While those sites got up and running, city officials and service providers continued looking for other sites. Denver has at least 1,000 people living in unsheltered settings, so there's a definite need. Although Chandler and others have been unable to find a workable alternative, Park Hill United Methodist recently stepped up and offered its parking lot.

"We feel called to do this. We feel like if we’re following Jesus and his life and example and the things that he taught — one of those things is to engage with, and administer to, and provide relief to people who are on the margins of society. In a sense, that’s really a lot of what Christianity is about, at least for me," says Steve Holz-Russell, a member of the church who chairs the congregation's Missions and Social Justice Team. Holz-Russell notes that Park Hill United Methodist Church was a trailblazer for racial integration in the 1950s and 1960s, and now has a congregation split evenly between white and BIPOC members.

The Park Hill neighborhood also has a long and sometimes difficult history of racial integration, but the more diverse sections of Park Hill are Northeast Park Hill and North Park Hill, while South Park Hill is majority white.

Lead pastor Nathan Adams says that the church is trying to continue its history of not just saying and believing "the right things," but putting them "into action."

And there's certain to be plenty of action. A handful of neighbors have already started lobbying against the relocation of the safe-camping site to the church's parking lot.

"I’m definitely NIMBY on this. I think it’s a pretty horrible idea for lots of different reasons," says Jon Kinning, who lives a block from the church and wrote a letter to Chris Herndon, the area's Denver City Council representative, detailing his concerns about possible drug use, mental health issues, safety issues and the proximity to schools. "You’re plopping down fifty people in the middle of a residential neighborhood. If I wanted to live in Capitol Hill and deal with people sleeping in my front yard or going to the bathroom in my garage, I’d live in Capitol Hill."

Kinning says he feels that Chandler and others behind the safe-camping site move are trying to make a political statement by setting up a site in South Park Hill. "He’s trying to sensationalize it and put it in people’s faces because they want to do something about it," says Kinning.

While Chandler says the church was chosen for the next safe-camping site primarily because it was the only viable option, he admits that he's thought about how locating the site in South Park Hill could help shift the narrative on homelessness. "Knowing that this would be painful, I thought this would be good for our city," he  says. He also thinks the concerns expressed so far are based on people's perceptions of unsanctioned encampments, not safe-camping sites.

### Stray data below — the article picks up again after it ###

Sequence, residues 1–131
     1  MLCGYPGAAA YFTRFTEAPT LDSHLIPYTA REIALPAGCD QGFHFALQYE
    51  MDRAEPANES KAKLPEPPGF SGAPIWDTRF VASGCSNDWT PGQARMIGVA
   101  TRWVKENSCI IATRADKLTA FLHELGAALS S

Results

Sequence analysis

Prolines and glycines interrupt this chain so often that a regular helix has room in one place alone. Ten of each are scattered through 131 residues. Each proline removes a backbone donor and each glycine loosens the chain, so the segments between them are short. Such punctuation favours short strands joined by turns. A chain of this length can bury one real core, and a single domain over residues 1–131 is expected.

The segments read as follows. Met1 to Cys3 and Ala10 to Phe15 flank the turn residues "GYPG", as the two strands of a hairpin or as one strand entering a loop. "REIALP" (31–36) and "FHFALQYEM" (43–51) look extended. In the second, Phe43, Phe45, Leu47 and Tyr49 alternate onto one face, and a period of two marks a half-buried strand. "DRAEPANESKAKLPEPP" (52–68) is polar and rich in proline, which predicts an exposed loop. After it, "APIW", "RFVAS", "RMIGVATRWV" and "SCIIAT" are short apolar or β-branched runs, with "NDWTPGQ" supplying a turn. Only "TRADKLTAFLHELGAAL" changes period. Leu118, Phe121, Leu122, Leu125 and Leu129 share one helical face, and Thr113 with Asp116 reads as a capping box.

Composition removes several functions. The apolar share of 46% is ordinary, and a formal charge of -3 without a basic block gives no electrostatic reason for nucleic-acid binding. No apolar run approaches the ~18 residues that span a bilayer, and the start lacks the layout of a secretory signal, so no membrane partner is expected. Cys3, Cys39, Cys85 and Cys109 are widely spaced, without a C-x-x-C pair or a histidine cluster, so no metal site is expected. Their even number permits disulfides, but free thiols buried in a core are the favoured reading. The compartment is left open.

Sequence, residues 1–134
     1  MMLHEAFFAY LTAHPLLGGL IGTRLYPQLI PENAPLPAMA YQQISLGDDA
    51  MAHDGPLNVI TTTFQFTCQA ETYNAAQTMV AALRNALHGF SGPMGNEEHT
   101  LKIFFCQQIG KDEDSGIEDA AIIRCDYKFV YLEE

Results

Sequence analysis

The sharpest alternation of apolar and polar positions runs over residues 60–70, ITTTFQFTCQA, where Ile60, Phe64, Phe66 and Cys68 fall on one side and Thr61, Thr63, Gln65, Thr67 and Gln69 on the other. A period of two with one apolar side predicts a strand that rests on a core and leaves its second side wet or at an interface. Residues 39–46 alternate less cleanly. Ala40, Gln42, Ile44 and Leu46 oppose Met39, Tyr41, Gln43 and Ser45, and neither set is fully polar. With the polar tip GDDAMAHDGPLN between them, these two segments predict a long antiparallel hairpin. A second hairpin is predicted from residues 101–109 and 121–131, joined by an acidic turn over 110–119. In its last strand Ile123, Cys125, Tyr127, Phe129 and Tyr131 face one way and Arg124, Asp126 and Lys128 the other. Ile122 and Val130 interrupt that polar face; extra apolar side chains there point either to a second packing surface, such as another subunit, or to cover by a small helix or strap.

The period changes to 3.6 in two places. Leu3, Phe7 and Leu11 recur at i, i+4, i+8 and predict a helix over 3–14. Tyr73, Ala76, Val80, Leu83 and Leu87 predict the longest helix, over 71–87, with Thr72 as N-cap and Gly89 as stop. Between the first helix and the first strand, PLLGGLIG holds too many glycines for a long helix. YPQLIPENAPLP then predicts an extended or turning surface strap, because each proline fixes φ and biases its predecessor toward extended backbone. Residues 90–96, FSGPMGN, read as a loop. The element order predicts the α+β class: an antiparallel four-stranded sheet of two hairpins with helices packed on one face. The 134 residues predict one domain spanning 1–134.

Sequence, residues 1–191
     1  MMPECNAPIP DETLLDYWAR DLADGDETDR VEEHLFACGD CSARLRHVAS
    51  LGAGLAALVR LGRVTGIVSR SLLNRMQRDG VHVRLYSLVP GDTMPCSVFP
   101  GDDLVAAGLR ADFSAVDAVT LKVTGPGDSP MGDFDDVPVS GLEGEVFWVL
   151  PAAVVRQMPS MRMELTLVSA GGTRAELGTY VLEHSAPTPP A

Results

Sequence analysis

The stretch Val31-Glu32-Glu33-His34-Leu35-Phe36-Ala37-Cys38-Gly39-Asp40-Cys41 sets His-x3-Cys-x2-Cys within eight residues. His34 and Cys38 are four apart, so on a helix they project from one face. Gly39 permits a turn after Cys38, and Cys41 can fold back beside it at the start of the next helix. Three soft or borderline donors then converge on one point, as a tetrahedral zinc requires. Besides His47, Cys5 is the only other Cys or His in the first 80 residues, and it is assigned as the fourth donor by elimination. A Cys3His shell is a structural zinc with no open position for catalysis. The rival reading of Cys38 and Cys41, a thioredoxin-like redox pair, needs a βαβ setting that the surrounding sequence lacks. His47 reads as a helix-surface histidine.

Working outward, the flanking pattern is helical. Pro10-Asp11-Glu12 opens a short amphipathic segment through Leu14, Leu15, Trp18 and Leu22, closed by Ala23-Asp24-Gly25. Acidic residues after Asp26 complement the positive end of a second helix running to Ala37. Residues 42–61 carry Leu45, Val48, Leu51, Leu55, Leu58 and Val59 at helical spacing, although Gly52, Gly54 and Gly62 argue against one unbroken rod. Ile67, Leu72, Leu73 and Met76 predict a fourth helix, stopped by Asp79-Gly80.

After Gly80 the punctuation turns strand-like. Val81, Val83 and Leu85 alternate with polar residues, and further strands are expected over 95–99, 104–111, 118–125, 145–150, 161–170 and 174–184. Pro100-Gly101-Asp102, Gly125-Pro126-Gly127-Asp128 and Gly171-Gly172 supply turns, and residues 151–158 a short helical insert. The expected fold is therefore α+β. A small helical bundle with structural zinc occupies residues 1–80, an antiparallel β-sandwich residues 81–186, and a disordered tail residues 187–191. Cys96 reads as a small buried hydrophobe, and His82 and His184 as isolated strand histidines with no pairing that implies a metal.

"I want those children to be safe," Chandler says. "Children having a chance to learn about this could be transformative to our society. Children can see their parents care about an issue and care about the world being a better place."

Walsh agrees that seeing a safe-camping site in South Park Hill could be valuable for children. He also feels that it's time for neighbors to put their money where their mouth is.

"For a neighborhood that has just a really high ratio of yards to yard signs with 'Hate Has No Home Here' and messages about love and equality and acceptance, we’ve got to walk the walk now," he says. "We’ve talked the talk now for the last year and a half. It’s on us now to live through actions."

Still, pushing boundaries can lead to unexpected discoveries.

"I hope it will be helpful for people to understand the benefits of safe spaces for people," says Cathy Alderman of the Colorado Coalition for the Homeless. "I hope preconceived notions don't set it up for failure."

Councilman Herndon admits that he had concerns about safe-camping sites prior to their start in Denver, but they largely disappeared after he spoke with Brian Henderson, the minister at First Baptist Church, about the site there. "Getting more information, you can see how this concept can produce positive results," says Herndon.

"Information is power," he continues, adding that he's now arrived at a place where he believes "we should consider all different avenues to help people experiencing homelessness get out of that."

Park Hill United Methodist Church and the Colorado Village Collaborative will host a virtual community forum on the proposed safe-camping site at 7 p.m. on Monday, April 19. Find more information here.
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Conor McCormick-Cavanagh is a staff writer at Westword, where he covers a range of beats, including local politics, immigration and homelessness. He previously worked as a journalist in Tunisia and loves to talk New York sports.